By Simon Woodhead
Some people use the c-word conversationally. I use it quite sparingly because it is a strong word in most places, and not a very nice one. I’d use it more though if it was slightly less crude as there are many deserving of it! This last year though, things got a lot easier because everyone I might have reserved it for has taken to calling themselves a CPaaS instead. In most cases, they’re a right CPaaS!
Now for them, this isn’t derogatory. They’re charlatans, and often believe their own spin. Apparently back-to-backing an SMS API to someone else’s makes you a CPaaS. Apparently, being a traditional carrier but writing your annual report in a certain style, makes you a CPaaS. Apparently though, not having any infrastructure at all is also justified because you’re a CPaaS. Yes, indeed they all are!
Of course, whilst to the rest of us they just look a CPaaS, to them they’re a CPaaS, a statement to the world that they’re like (or they think better) than Twilio. Sometimes this is because they want that Twilio multiple on their share price, or often to sound cooler and cleverer than they really are, or at other times it is to make a failed company look viable in the hope another charlatan will buy it. None of these are remotely real. None of these serve the consumer of what they call CPaaS.
Of course, there are some genuine alternatives to Twilio out there and we have friends in the space. They’re doing great and tangible things with programmable communications, often in a quiet and understated way – so I’m not knocking the space or the intent of it generally at all. Indeed, by the standard set by others, we could more than justify calling ourselves CPaaS, especially the Sipcentric platform with its real-time in-call software control. We never have though, as sadly the word has been contaminated and the space just reeks of BS.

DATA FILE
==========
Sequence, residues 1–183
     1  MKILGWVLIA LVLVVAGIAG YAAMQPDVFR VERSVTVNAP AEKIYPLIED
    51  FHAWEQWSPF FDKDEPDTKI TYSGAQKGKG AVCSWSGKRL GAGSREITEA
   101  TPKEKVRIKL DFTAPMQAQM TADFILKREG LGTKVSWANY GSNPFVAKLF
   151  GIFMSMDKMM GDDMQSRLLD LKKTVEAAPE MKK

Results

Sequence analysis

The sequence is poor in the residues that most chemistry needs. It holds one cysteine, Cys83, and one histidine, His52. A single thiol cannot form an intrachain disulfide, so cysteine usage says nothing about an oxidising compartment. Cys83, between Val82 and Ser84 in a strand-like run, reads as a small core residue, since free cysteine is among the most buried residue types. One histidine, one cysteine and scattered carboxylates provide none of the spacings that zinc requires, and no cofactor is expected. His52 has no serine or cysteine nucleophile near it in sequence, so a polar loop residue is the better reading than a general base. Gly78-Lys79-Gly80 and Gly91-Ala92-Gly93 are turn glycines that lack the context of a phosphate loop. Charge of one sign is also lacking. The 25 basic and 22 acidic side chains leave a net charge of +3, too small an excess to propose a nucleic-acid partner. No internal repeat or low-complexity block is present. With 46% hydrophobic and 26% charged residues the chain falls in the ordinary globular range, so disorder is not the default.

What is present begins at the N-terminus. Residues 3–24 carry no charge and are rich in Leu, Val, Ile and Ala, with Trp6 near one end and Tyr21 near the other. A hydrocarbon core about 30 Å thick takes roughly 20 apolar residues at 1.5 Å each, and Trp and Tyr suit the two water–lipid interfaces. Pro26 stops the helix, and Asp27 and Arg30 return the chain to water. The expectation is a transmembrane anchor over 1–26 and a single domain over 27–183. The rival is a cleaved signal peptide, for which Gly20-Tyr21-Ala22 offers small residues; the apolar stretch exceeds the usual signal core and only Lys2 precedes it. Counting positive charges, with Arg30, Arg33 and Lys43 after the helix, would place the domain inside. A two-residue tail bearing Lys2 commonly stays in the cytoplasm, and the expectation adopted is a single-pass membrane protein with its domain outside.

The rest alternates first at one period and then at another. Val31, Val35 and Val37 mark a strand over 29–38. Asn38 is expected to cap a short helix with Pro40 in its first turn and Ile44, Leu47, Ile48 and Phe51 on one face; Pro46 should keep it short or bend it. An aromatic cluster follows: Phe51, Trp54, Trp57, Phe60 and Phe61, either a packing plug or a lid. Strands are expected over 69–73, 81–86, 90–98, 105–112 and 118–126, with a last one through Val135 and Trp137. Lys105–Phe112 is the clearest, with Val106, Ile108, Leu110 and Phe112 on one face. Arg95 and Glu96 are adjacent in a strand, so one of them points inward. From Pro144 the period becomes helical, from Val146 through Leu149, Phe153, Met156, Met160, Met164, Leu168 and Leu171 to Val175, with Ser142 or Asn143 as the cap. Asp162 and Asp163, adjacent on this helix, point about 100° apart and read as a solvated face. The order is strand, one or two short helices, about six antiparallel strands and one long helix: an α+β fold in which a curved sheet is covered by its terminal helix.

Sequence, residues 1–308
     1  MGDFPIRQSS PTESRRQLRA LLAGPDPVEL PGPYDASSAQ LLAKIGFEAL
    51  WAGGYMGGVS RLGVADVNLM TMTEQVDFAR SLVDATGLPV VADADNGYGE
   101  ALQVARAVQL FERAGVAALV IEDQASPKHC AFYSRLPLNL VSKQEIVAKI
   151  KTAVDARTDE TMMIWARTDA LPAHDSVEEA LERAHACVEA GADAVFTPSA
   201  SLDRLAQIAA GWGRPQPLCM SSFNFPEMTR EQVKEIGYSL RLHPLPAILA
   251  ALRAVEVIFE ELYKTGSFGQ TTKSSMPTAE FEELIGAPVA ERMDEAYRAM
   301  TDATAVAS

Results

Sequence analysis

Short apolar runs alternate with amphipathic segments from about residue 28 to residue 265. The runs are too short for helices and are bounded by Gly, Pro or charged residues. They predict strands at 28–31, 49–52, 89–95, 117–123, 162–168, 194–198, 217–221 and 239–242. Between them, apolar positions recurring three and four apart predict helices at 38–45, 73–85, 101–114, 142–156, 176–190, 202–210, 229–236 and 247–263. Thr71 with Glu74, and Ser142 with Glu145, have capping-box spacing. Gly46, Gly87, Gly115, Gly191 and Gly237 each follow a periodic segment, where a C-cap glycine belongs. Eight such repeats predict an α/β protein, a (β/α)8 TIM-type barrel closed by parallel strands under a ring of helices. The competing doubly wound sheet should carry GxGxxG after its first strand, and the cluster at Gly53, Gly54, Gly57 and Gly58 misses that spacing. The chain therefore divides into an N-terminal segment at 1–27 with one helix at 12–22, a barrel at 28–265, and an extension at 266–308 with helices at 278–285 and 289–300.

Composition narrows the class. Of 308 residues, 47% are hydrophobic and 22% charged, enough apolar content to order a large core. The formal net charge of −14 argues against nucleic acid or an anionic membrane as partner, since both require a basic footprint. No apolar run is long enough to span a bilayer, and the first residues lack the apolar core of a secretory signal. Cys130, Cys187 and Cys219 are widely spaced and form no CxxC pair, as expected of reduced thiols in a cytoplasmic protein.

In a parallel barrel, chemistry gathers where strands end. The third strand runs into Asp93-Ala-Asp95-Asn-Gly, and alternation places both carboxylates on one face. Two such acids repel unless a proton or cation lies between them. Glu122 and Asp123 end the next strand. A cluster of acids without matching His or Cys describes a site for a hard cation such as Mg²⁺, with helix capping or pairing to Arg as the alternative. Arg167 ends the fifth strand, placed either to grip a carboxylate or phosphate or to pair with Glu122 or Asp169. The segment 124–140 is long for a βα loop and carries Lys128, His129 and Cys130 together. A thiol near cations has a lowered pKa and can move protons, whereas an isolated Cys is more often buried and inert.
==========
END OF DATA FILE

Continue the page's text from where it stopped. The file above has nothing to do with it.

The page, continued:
But who needs a CPaaS anyway when there is open-source awesomeness! Dave Horton, who won a SimCon Award for the “Best New Open Source Project” with the fantastic Drachtio, has possibly done it again with Jambonz. He’s created an entire CPaaS platform and open-sourced it. So now you can be a CPaaS too, or moreover, the features you may be paying Twilio for today, or arbitraging a subset to a right CPaaS who’s copied their API in part, you can do yourself or for your customers. You just need a decent carrier to integrate with and we’re here to help with that bit!
Dave launched Jambonz this week at TADSummit Asia, and as if that in itself wasn’t awesome enough, he demoed it in a combination that rivals Jennifer Lawrence on the foredeck of a Sunseeker in my mind – using Node-red and Simwood.
As you might tell, I’m pretty excited about this and that hasn’t wained since Dave first described what he intended last year. We commit to being as supportive as we can of this project and hope you will love it too.
Here’s Dave giving his own views on CPaaS and launching Jambonz.
Do check out the other great talks from TADSummit Asia too, organised by the force of nature (and fellow SimCon Award winner), Mr Alan Quayle.